- Additionally, many of its "future" stories avoid this by either not mentioning a date at all or explicitly setting stories centuries or millennia into the future — all the pre-1989 stories which explicitly claim to be set in the 20th or 21st century are from the 1960s. The 21st-century show started setting themselves up for this by doing things like explicitly dating "The Waters of Mars" (which is about gruesome events occurring on the first permanently-crewed human base on Mars) to 2059.
- As an example, the 1966 story "The Tenth Planet" was set in 1986, by which time the UN has an International Space Command with a base at the South Pole and Cybermen invade the Earth in a big way. (No prior story had taken place in the future so close in time to the present day.) The 1985 story "Attack of the Cybermen" managed to function as a sequel to this story without really delving into the way that Who history and real history diverged. The Backstory of the Doctor Who New Adventures novel Iceberg, set in 2006 (though published in the 1990s), though, had the advanced tech and proactive UN as the logical follow-on from the "UNIT era" (whenever that was...)
- The Doctor's former Robot Buddy K-9 first appeared in "The Invisible Enemy", which aired in 1977. Since then, at least in the parent show and The Sarah Jane Adventures, he has not undergone a redesign, so that his design aesthetic (at least in the parent show) remains unchanged. When K-9 re-appeared in "School Reunion" (2006), Present Day characters commented on his dated appearance.
- In season 9, the Doctor steals another TARDIS from Gallifrey as a means of escape. An extended sequence takes place inside, which looks identical to the very first TARDIS interior set from 1963 (complete with big bulky doors and "round things" on the walls), officially canonizing it as the 'default' TARDIS setting.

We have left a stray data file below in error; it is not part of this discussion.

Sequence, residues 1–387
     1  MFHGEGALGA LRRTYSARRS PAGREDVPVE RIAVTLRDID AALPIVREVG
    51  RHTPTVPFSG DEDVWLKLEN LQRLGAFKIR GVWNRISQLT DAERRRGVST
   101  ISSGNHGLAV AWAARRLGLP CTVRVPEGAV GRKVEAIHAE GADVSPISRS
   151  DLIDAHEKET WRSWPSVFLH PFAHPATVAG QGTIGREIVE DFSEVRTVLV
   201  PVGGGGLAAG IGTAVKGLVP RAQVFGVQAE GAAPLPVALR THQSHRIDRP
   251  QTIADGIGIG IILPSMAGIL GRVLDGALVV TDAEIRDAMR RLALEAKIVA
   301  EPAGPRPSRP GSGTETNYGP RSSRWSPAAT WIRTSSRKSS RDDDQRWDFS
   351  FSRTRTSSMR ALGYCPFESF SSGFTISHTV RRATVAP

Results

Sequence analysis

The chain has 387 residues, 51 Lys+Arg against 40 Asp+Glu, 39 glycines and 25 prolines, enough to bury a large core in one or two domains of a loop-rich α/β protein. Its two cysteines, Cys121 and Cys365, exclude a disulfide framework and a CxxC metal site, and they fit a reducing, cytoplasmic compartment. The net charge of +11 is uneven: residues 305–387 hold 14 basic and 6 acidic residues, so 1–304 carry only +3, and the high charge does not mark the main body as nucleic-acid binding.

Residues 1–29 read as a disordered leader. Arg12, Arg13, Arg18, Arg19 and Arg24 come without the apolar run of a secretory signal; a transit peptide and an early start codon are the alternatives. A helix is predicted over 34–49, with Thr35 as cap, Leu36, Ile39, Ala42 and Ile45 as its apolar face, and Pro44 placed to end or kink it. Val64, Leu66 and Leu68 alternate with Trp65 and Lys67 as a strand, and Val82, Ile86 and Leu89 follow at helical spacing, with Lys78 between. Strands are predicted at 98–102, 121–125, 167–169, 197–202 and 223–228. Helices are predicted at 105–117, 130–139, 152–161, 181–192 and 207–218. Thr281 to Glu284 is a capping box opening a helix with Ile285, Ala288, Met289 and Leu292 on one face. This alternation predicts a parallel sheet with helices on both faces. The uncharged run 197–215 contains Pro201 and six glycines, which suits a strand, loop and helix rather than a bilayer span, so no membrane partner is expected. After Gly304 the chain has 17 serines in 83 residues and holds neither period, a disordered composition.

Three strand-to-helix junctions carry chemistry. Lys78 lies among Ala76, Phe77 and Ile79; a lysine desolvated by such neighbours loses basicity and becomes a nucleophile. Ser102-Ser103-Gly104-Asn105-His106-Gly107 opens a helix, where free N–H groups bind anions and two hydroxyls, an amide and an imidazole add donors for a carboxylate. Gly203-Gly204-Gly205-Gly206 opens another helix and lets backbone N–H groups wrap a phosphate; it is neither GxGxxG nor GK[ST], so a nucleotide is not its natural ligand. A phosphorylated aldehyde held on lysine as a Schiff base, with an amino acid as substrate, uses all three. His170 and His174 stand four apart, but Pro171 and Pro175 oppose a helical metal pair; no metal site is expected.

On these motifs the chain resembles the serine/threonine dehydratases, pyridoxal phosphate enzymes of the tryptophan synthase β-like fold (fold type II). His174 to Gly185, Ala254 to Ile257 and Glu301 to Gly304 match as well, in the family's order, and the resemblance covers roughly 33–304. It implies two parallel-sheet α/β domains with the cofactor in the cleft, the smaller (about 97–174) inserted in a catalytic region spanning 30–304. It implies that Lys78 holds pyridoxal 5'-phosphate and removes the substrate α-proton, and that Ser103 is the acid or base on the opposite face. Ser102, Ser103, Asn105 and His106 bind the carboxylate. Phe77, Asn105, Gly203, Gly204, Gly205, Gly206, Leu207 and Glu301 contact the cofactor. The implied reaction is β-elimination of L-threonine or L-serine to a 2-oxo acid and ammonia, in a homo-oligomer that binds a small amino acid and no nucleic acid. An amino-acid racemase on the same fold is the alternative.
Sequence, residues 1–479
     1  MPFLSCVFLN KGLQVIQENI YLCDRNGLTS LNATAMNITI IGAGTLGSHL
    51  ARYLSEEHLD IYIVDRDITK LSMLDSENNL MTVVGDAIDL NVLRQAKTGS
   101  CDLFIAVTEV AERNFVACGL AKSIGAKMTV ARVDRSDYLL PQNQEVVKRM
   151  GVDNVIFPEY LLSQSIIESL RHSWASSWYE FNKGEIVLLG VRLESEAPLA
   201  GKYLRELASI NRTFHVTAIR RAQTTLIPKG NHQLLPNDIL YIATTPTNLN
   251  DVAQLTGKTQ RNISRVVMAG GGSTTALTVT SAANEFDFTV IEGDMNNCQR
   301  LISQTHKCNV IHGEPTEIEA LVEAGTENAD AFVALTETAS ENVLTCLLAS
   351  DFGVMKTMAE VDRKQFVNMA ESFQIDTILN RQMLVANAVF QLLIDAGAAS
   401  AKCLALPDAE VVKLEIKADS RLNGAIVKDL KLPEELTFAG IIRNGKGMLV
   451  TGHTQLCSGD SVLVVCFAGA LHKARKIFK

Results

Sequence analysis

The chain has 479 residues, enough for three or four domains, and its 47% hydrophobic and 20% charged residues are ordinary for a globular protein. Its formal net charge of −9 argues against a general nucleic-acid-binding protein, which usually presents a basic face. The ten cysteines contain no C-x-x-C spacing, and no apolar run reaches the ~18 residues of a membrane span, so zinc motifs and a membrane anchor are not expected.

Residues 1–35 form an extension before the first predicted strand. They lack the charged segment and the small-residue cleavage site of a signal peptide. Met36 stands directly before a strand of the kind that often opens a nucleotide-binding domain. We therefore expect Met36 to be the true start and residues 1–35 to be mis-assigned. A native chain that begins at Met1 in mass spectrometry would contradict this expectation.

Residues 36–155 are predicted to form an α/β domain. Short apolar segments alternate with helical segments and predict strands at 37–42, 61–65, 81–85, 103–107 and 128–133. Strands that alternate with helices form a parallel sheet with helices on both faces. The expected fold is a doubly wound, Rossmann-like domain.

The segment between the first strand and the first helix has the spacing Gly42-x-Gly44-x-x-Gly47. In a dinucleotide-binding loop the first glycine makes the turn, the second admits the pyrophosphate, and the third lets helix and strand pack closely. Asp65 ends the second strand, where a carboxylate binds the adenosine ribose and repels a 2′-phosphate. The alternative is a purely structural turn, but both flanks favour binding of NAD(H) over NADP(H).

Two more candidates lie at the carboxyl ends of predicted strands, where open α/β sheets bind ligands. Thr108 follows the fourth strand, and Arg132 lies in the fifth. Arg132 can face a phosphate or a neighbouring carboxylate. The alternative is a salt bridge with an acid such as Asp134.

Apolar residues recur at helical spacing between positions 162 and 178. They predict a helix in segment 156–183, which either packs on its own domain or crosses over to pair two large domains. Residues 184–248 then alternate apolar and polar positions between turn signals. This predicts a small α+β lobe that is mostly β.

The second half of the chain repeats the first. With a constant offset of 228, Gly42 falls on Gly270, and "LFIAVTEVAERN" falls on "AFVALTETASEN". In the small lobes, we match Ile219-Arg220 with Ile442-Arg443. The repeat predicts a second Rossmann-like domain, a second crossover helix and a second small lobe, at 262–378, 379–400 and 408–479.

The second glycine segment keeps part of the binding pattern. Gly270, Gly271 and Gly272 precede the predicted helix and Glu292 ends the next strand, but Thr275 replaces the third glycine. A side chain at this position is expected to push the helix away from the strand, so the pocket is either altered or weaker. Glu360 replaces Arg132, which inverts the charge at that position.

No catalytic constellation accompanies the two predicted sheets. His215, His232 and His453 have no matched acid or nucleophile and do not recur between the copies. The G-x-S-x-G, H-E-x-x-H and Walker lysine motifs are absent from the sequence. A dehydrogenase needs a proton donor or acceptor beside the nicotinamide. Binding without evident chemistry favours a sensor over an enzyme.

- Star Trek
- The Star Trek prequel series, Star Trek: Enterprise took place over a century before the original Star Trek series. In the Mirror Universe episode, the campy, zeerusty TOS-era ship Defiant is sent back from the 2260s of the prime reality to the mid-2150s of the Mirror Universe and everyone still marvels at how "futuristic" it is.
- Star Trek also goes back and forth on this in regards to the Eugenics Wars. In the original series it was said to be a massive worldwide conflict that took place in the 1990s. One episode of Voyager has them time travel back to 1990s California with no apparent war. However, canonicity nevertheless goes with the 1990s, with at least one semi-canonical novel claiming the Wars were clandestine happenings underlying the publicly known events of the 1990s. And then Enterprise had one of the characters mention that his great-grandfather participated in a battle against Augment forces in North Africa, while another episode reinforced the 'entire populations were bombed out of existence' story TOS had gone with. A prequel comic to Star Trek Into Darkness (which would be making claims about events in the original Trek timeline, since the divergence point to the later films' alternate timeline is much later than the 1990s) claimed that the Eugenics Wars did take place openly in the 1990s, but were shorter and less devastating than earlier canon claimed. Even then, it was implied that the character telling the story was lying. Of course, it didn't help that Spock had referred to the Eugenics Wars as "your [Earth's] last World War" in "Space Seed", only for later continuity to establish that World War III was a separate event in the mid-21st century. However, Spock also noted in practically the same breath that the historical records of that period were "fragmentary", so this effectively gives writers an excuse for characters to conflate the two conflicts.